Coffee gossip…….Indian weddings

My attempts to insulate myself from the unrelenting summer heat in my air-conditioned ‘igloo’ (even order groceries online) come a cropper when I offered to help with wedding shopping for a family wedding in USA.

Now, shopping agrees with me when I have to buy something for myself and here was an unknown product, the trousseau, that in past decade had mutated from handful of designs to multitudinous labels each supposedly the ‘present flavor’ of social ladder. Magazines and friends are of no help as what they consider voguish turns out a mish mash of styles and trends. With no option I whizz between upmarket malls, designer stores and wannabe boutiques offering spa and salon services with cafeteria on premises, cliquish-elegance or personal fiefdoms and designs and labels morph into one another. At end of day I am confused about where I had seen what.

No wonder the big-fat-Indian weddings are getting obese. The price tags induce shock and awe and in a trance I keep on flipping price tags wondering at the unknown clientage. I have my answer when in walked a known social ‘face’ and I am forgotten in the melee of sales persons falling over each other and the ‘loaded’ buyer.

Maybe, living outside of India I am out of with home country realities. But, then Indians settled abroad are  guilty of bigger, better and outrageous show of monetary holdings. I remember reading that Indira Gandhi, India’s former Prime Minister, was married in a simple Khadi (cotton) sari, hand-woven by Mahatma Gandhi, and I bet today even a village bride will not like to be seen in such simple attire.

It is not only clothes but also duration of celebrations. From a two-day affair the wedding celebrations stretch for five or more days at out of country destinations or at five-star hotels creating a multi-layered carousel of wedding traditions and apparel. There are more than 10-12 million Indian weddings per year and just thinking of the financial juggling required catering to different needs, I think the wedding industry with its offshoots…. wedding event planners, caterers, choreographers as no Indian wedding is complete without a slew of Bollywood music and dance, the decorators and support stuff, is the best working option.  An American friend, in Hong Kong, was awestruck by dollars spent at Indian weddings and like a patriotic ‘Indian’ invited her to come attend one in India for a week-long tourist entertainment option of main wedding function, musical night, engagement ceremony, cocktails, reception etc. each more flamboyantly pretentious than the other.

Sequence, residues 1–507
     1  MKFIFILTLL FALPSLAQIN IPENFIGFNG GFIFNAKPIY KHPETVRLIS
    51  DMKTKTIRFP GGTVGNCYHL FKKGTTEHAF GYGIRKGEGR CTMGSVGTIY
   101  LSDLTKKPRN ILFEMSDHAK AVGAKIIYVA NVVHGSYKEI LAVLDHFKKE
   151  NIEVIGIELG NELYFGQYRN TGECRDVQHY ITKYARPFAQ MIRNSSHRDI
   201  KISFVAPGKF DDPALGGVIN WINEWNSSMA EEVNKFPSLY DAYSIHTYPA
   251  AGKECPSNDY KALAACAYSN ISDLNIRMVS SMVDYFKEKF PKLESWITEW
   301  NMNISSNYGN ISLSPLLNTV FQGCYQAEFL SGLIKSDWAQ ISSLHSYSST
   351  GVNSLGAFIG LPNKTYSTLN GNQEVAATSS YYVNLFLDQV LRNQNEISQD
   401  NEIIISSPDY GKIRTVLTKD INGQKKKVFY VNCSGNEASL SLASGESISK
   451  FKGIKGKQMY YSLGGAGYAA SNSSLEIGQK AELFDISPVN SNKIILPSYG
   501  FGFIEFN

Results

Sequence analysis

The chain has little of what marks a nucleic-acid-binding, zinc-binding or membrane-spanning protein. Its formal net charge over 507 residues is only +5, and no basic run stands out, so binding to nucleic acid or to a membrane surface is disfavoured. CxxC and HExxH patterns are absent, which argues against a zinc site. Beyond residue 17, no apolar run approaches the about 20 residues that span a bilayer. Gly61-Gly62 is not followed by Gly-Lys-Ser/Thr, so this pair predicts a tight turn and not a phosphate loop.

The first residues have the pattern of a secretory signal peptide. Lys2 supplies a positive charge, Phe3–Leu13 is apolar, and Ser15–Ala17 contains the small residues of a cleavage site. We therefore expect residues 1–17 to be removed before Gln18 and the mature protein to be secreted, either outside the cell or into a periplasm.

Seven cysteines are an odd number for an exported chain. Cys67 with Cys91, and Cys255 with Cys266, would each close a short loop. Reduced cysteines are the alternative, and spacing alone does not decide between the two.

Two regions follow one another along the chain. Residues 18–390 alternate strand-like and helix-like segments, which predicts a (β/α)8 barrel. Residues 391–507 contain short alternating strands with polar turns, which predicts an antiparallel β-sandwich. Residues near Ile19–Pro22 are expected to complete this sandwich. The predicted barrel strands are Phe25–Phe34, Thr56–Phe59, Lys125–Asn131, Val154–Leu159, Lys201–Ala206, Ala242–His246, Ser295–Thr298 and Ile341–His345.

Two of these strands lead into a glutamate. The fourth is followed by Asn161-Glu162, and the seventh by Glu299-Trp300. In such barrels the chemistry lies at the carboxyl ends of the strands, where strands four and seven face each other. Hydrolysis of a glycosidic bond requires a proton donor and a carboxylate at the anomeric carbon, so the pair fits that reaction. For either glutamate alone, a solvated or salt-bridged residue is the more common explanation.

After fifteen days of shambling across Delhi and Gurgaon, I listened to saner advice of ‘scroll Google’, ‘check wearable and affordable’ and ‘meet with neighbourhood boutique owner/tailor’ to duplicate the non-affordable at one-third the cost. Believe me this is the best way to tackle wedding-shopping fatigue and at same time say that ‘you are wearing xxxxx designer’s creation’.

Sorry, I cannot show the designs as I am packing my suitcases to attend the ‘desi’ wedding on foreign shores. (Actually I do not want the designs triplicated)

7 thoughts on “Coffee gossip…….Indian weddings

  1. Good article, fortunate you did not to go gold shopping. Was it the whole trousseau you had to get?

  2. Loved your post but felt disheartened at the flagrant commercialism and showiness of what is meant to be able the love of two people and their families and worlds coming together. It can all get too much!

  3. I agree about the expansive spending on weddings. But I was shocked when a friend returned from Hawaii (where her husband is from) and told me about a graduation party she attended while she was there. She was told that the cost of the part was $8,000 – $10,000 and that was a small party. She said they then told her that this was nothing compared to a baby’s first birthday that teeters near $20,000! I was shocked as was she.

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